Teaching chess in schools offers a ton of benefits for students, and can potentially provide a fantastic addition to most curriculums. Whether taught in the classroom, as part of a club, or as an optional after-school activity, the more schools that offer chess instruction, the more students who will be able to master the many skills that chess helps develop.
Chess is an international sport enjoyed by students all over the world in both competitive and non-competitive environments. From kindergarten all the way through senior year, bringing chess into the classroom means offering more opportunity for those who are interested in learning—and excelling—at numerous cognitive abilities.
There are lots of reasons to play chess, and many of them are closely tied to the objectives of K-12 education. In-person or remote, here are some of the ways that teaching chess in school can help benefit students.
The Benefits of Playing Chess in School
Every school has its own unique approach to instruction. What all schools have in common, however, is a shared desire to provide students with as many avenues as possible for developing mental acuity and cognitive reasoning skills. The better we think, the better we learn—and the better suited we are for life outside of the classroom. And in all instances, chess can play a big role in furthering these important objectives.
Here are some of the biggest benefits of offering chess instruction at school:
1. It helps with concentration and focus. Keeping kids on track can be difficult. But chess is invariably a game of focus, and playing the game, even if just for 30 minutes at a time, can help sharpen those skills and enable students to concentrate better in other subjects as well.
2. It’s linked with better reading comprehension. There isn’t any reading involved in playing chess, and yet a study of a New York City school chess program found that students who played chess outperformed the average student in both their district and in the country when it came to their reading scores.
3. It teaches teamwork. It’s each student for him- or herself at game-time, but school chess programs (particularly competitive ones) are inherently based in teamwork, sportsmanship, and working together toward common goals.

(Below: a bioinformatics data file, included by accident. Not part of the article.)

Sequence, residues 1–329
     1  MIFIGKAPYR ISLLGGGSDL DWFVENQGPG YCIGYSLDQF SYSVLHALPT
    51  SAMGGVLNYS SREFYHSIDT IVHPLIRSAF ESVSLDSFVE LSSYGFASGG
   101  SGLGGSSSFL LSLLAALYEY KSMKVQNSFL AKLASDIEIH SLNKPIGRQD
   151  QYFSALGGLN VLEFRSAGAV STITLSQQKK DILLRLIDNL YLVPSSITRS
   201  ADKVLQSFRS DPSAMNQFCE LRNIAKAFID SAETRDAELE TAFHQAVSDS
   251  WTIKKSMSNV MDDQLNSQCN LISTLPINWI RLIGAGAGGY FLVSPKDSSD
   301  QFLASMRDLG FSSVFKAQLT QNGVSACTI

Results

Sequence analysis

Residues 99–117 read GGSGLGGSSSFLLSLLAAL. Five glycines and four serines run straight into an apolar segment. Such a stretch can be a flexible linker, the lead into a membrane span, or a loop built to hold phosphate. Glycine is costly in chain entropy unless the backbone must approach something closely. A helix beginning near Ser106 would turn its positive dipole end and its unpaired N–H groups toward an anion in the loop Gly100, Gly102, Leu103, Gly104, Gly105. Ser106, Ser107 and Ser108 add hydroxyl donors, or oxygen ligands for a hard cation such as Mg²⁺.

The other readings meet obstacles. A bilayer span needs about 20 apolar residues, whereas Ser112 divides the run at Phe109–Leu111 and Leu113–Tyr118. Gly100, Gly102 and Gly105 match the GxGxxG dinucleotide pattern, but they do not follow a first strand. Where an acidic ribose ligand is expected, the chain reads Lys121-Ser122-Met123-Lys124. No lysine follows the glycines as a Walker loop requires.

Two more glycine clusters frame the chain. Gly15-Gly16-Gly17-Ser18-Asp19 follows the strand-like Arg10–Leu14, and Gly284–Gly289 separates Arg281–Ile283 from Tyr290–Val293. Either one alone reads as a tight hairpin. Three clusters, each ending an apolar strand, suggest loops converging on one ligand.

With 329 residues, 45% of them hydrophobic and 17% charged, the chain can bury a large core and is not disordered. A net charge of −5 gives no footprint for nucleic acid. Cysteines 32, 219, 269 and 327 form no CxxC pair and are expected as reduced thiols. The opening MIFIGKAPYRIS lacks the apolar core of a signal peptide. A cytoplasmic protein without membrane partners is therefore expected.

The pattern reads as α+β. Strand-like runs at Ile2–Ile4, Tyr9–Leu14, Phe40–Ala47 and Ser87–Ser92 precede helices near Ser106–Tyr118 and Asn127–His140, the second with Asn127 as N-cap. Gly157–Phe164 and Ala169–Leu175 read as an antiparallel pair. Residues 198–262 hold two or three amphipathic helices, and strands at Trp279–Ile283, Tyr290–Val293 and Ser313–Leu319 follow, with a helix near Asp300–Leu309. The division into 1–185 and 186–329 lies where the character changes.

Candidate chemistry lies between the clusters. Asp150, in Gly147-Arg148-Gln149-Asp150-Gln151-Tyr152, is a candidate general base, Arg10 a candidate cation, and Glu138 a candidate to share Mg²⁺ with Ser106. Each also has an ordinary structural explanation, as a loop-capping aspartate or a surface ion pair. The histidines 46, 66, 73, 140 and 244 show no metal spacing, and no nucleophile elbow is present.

4. It can boost math scores. “Chess may be an important and effective tool for improving mathematical capacity in young students,” says this study, which examined the effects of introducing chess instruction to math lectures in Denmark. Students saw increases in math scores, with improved mathematical ability and reasoning that seemed directly related to their chess lessons. 5. It helps with self-discipline. There is a lot of discipline involved in playing chess, from strategically planning and following through on moves to controlling your body language against your opponent. These skills often translate into other areas, helping students better navigate their day-to-day school experience.
When to Teach Children Chess
There are no hard and fast rules around when children can start to learn chess. Children as young as kindergarten can start to pick up on the basics of the game and gain some of the benefits that playing chess offers, and by second grade, most students have the basic cognitive skills needed to get into competitive play.
Come Together with Chess
Playing chess at school offers so many advantages for students, and because it’s easy to play virtually, even remote students can enjoy chess programs and events.
From students to family members, chess brings people together and helps them bond. And whether playing against other students or even their grandparents, school-aged kids have so much to gain from chess in and out of the classroom.
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